Our series of photographic portraits by Neill Menneer shows Bath people at work. View a gallery of Bath@Work subjects at: thebathmag.co.uk
Special Events Organiser, Theatre Royal Bath
I came to Bath from the Midlands in 1968 to study home economics and am still here after 50 years. I was told Bath was the graveyard to ambition, meaning that once you lived and worked here it was very hard to move away. The principal of the all-female college warned us about the dangers of drinking sherry with the opposite sex. Fortunately, I’ve never enjoyed this tipple so have avoided the associated consequences…
In the mid-80s, after training as a Blue Badge guide, I offered my services as a volunteer guide at the theatre. I had always loved watching drama in my home town, so this was a good way of reconnecting with my favourite pastime.
In 1987 the job of education officer came up and with my teaching and guiding experience my application was successful. Apart from liaising with schools I also visited lots of groups such as WIs in the evenings and promoted visits to the theatre with illustrated talks. Homemade tea and cakes at the end of the evening was always a bonus.
After several years I wanted to expand my lecturing beyond Bath while still working for the theatre as it was now in my blood, so I invented the role of special events organiser and began staging literary events during the day. Working with publishers and authors for the last 25 years has given me the opportunity to interview famous actors such as Alec Guinness and Peter O’Toole – who were far more nervous than myself at having to be themselves on stage. A number of politicians and two ex-prime ministers, Ted Heath and John Major, have visited and of course they are never short of things to say and have no nerves. Lord Snowdon, on the other hand, was extremely nervous and needed a lot of TLC to convince him to be interviewed about his book of photographs of famous thespians.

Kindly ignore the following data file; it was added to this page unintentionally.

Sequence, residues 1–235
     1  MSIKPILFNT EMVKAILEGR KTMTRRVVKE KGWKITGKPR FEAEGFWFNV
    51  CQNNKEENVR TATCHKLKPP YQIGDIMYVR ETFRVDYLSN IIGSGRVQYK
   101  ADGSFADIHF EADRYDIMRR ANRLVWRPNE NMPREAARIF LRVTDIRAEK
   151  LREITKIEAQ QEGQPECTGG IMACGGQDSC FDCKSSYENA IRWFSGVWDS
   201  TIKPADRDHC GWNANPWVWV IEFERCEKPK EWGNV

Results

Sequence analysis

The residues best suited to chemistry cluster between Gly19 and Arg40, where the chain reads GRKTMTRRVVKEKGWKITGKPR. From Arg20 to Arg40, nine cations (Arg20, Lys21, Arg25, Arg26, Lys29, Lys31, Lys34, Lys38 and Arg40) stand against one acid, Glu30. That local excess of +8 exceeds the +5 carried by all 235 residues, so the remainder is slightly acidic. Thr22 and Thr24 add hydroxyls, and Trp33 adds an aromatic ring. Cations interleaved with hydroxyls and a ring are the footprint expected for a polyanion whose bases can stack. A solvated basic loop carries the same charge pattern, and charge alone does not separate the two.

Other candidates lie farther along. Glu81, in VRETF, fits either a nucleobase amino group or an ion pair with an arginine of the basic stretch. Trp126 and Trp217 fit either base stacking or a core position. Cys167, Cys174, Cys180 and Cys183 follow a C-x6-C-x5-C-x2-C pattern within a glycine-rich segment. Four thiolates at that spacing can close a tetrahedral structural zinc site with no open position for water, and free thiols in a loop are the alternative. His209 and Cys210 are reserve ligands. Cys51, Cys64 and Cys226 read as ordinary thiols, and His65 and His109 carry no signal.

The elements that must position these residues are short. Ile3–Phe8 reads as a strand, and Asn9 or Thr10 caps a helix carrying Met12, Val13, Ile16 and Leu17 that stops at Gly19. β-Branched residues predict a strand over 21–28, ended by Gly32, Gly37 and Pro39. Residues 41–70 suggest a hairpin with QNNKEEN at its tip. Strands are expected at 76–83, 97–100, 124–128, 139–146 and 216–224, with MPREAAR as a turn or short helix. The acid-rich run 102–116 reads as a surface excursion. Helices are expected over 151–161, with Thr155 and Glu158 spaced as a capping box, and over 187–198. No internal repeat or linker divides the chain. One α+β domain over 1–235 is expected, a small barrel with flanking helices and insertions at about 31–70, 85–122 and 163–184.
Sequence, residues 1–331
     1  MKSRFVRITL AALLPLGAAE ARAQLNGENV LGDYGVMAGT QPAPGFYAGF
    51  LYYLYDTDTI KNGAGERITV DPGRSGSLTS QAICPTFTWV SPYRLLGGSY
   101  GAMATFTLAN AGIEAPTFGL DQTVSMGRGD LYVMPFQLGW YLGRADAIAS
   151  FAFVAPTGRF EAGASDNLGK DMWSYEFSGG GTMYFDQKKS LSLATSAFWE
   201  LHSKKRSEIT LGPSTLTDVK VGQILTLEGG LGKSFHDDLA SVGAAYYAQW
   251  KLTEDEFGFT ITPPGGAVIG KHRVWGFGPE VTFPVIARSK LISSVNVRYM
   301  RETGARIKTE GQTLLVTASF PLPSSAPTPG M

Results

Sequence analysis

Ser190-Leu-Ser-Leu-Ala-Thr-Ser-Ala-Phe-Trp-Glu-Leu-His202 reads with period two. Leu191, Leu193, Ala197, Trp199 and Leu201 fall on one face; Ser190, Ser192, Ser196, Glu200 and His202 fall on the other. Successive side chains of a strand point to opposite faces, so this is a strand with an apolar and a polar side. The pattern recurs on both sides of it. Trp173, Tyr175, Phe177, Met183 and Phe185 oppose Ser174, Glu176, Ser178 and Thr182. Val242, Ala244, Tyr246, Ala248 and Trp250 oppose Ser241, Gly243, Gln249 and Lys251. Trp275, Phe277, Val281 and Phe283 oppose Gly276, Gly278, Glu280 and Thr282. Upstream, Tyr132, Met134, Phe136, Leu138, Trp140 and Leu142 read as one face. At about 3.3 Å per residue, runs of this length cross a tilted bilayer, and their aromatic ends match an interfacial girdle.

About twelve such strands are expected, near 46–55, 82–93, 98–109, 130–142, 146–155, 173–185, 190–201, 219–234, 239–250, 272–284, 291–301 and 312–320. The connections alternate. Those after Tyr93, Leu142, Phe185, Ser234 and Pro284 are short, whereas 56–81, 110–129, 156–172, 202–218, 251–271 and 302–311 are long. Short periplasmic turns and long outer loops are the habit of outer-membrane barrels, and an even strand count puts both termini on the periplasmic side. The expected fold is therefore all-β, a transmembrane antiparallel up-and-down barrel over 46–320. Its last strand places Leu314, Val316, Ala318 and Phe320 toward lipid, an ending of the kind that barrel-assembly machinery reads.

One of my favourite authors is Earl Spencer, Princess Diana’s brother, who read history at Cambridge and writes fast-paced history books for the layman in a non-academic style. Another is Terry Waite, a giant of a man at 6ft 7in and a brilliant story-teller. His account of his time in captivity in Beirut is one of the best documents of human survival I have ever read.
In my 30 years at the theatre I have seen more than 300 plays. During this time I interviewed theatre critic Michael Billington about his favourite 100 plays – he has watched and reviewed more than 900 during his career, so this interview was a fascinating challenge.
Over the years I have also been a theatrical landlady and have accommodated many of the performers, their dogs, cats, babies and partners. My late husband Peter was a hotelier and together we enjoyed hosting such a variety of interesting guests. The theatre has also enabled me to develop a series of lectures based on theatrical and literary figures and I have travelled the world doing this. However, I’m always pleased to return to Bath and to the theatre which has been so much a part of my life for half a century.
PORTRAIT: Neill Menneer at Spirit Photographic.
Visit: capturethespirit.co.uk, tel: 01225 483151